Education in emergencies

As global crises increase and prolong, children need education to hold on to their futures.

Wars, conflicts and natural disasters spare no children. In fact, children suffer the most. In countries affected by emergencies, children often lose their homes, family members, friends, safety and routine.

Without access to education, they are at risk of losing their futures.

Over the past half century, the world has seen a rising number of crises stemming from conflict, natural disasters and epidemics. Worse, many crises are prolonged, spanning entire childhoods and persisting for generations. When they disrupt schooling, it not only undermines children’s present well-being, but also puts their futures – and those of their societies – in jeopardy.

A group of boys in white shirts study at their desks.
UNICEF/UN033686/Arcos
In Tabuga, Manabi, Ecuador, about 285 children study. After the 2016 earthquake, these students are able to continue their studies in these tents installed by UNICEF.

 

The numbers on education in emergencies:

 

1 in 4 of world’s out-of-school children live in crises-affected countries
In 35 crisis-affected countries, humanitarian emergencies and protracted crises disrupted the education of 75 million children between the ages of 3 and 18.
Over 17 million school-aged children in those countries are refugees, displaced within or outside their countries, and of these, only half attend primary school, while less than a quarter are in secondary school.
For children who attend school during emergencies, the quality of education can be low, with an average of 70 pupils per teacher, who are often unqualified.
Girls in conflict-affected settings are 2.5 times more likely to be out of school than boys

 

Education is a lifeline for children in crisis

For children in emergencies, education is lifesaving. Schools give children stability and structure to help cope with the trauma they have experienced.  Schools can protect children from the physical dangers around them, including abuse, exploitation and recruitment into armed groups. In many cases, schools also provide children with other lifesaving interventions, such as food, water, sanitation and health.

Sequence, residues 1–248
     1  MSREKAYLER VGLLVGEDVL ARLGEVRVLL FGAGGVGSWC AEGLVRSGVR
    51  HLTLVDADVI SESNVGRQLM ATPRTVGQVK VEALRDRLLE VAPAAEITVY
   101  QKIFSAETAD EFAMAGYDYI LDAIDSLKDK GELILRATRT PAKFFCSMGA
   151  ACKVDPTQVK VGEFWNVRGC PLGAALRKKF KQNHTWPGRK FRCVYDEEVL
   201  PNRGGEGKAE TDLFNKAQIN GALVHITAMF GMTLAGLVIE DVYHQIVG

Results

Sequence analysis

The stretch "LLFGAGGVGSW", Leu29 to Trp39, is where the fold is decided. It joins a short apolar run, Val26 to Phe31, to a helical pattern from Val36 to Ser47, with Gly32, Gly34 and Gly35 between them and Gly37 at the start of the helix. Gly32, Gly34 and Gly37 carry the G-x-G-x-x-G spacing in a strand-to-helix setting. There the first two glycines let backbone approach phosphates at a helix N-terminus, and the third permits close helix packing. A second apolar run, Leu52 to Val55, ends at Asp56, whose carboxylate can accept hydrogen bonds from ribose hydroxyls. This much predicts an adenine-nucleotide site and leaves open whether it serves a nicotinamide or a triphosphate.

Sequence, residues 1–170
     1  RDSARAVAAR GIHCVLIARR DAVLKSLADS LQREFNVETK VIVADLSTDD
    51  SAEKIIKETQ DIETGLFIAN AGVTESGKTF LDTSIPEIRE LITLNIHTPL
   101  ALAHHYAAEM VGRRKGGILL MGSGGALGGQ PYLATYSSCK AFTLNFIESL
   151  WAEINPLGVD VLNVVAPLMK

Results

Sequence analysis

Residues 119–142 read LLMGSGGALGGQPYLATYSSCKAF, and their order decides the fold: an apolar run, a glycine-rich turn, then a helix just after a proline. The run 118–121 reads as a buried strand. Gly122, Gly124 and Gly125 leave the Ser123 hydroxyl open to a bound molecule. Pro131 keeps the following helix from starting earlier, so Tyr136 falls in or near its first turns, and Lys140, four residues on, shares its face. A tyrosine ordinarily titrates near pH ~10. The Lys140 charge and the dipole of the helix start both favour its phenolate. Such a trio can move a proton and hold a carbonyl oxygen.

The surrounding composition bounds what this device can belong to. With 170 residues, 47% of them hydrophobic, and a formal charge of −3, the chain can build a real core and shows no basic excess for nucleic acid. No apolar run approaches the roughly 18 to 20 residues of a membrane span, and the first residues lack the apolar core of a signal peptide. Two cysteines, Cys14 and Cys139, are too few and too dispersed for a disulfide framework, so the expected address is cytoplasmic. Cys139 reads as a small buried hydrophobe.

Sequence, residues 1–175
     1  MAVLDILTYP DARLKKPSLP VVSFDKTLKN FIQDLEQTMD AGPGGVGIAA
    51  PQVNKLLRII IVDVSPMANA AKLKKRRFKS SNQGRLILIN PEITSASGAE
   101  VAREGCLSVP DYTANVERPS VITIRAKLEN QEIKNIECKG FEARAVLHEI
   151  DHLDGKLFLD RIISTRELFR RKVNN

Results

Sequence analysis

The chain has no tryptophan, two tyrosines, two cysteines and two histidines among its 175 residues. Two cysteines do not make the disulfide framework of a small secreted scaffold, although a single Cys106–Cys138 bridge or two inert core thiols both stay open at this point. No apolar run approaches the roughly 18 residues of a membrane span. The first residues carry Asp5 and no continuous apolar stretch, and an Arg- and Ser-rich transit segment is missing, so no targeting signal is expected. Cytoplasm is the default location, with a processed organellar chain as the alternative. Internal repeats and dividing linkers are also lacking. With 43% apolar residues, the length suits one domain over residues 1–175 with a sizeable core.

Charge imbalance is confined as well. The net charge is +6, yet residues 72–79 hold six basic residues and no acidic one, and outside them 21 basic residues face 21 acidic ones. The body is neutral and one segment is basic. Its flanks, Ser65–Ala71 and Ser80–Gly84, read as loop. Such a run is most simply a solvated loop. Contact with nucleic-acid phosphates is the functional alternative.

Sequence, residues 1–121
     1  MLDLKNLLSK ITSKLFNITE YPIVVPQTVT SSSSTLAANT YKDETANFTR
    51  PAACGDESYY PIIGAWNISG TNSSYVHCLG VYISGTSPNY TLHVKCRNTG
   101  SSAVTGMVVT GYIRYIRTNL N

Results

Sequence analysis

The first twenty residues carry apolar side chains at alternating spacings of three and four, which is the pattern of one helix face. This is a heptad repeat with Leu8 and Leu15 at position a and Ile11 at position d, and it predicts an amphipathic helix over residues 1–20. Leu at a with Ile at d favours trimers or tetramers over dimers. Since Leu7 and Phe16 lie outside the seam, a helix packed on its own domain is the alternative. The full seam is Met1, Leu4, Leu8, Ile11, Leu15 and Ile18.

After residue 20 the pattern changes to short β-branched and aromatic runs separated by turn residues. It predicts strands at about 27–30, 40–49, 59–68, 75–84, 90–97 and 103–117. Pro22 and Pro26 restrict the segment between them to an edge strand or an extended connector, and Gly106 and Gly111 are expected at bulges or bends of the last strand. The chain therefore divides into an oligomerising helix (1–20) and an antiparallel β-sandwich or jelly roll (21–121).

Parents and children affected by crisis consistently name education as one of their top priorities. Because when children get an education, despite circumstances, whole societies benefit: education can boost economic growth, reduce poverty and inequality. Education also contributes to restoring peace and stability.

Despite the enormous benefits to children, education is often the first service suspended and the last service restored in crisis-affected communities.

Education accounts for less than 2 per cent of total humanitarian aid.

Funding is not the only thing that falls short: There are not enough trained staff to meet children’s educational needs in emergencies, not enough data to get an accurate picture of the situation, and not enough coordination among all the actors involved in humanitarian response.

A young girl stands in front of a bombed-out building
UNICEF/UN0207775/Samoilova
Anna, 12 years old, stands in front of a school canteen which was totally destroyed by shelling in 2014. The shelling also damaged school gym and kitchen, which now require full renovation.

 

UNICEF’s work in emergencies

UNICEF works to deliver uninterrupted learning for every child affected by humanitarian crises.

We work to provide learning spaces that are safe, available, suitable for children and equipped with water and sanitation facilities. We work to make sure that while in school, children can learn, despite their circumstances. We provide teachers with training and learning materials. We help children develop skills to deal with disaster as well as reduce risk exposure.  We work with teachers, parents and the community to assure that children get the care and love they need in these circumstances. We work with governments to include disaster risk reduction programmes in their planning.

UNICEF strongly advocates for the right to education and protecting education.

We call for protective learning environments and support governments as they endorse and implement the Safe Schools Declaration and Guidelines for Protecting Schools and Universities from Military Use during Armed Conflict.

We carry out much of our work through global and national partnerships . Read about UNICEF’s partnership with the Education Cannot Wait.

A group of boys happily crowded around a table in class.
UNICEF/UN0218546/Harris
Students from St Luke’s Primary, Pointe Michel, Dominica, enjoy their lessons in a temporary learning space. After Hurricane Maria damaged 90% of school buildings in 2017, the education sector has largely returned to normality.


Learning for Peace

‘Learning for Peace’ is a global education and advocacy initiative to develop social cohesion, resilience, and security by strengthening educational practices and policies in conflict-affected contexts. This initiative is a partnership between UNICEF, the Government of the Netherlands, governments of 14 other countries and key supporters. 

Learning for Peace works to:

  • Increase education in peacebuilding and conflict-reduction policies, analyses and implementation.
  • Increase institutional capacities to provide conflict-sensitive education.  
  • Train children, parents, teachers and other duty bearers to prevent, reduce and cope with conflict and to promote peace.  
  • Increase access to quality and relevant conflict-sensitive education that contributes to peace.  
  • Contribute to the generation and use of evidence and knowledge in policies and programming related to education, conflict and peacebuilding.

Globally, 14 countries have participated.

 

Related sources


Learning for Peace Advocacy Brief - English | French


For more UNICEF Peacebuilding, Education and Advocacy resources, please visit: USAID ECCN webpage.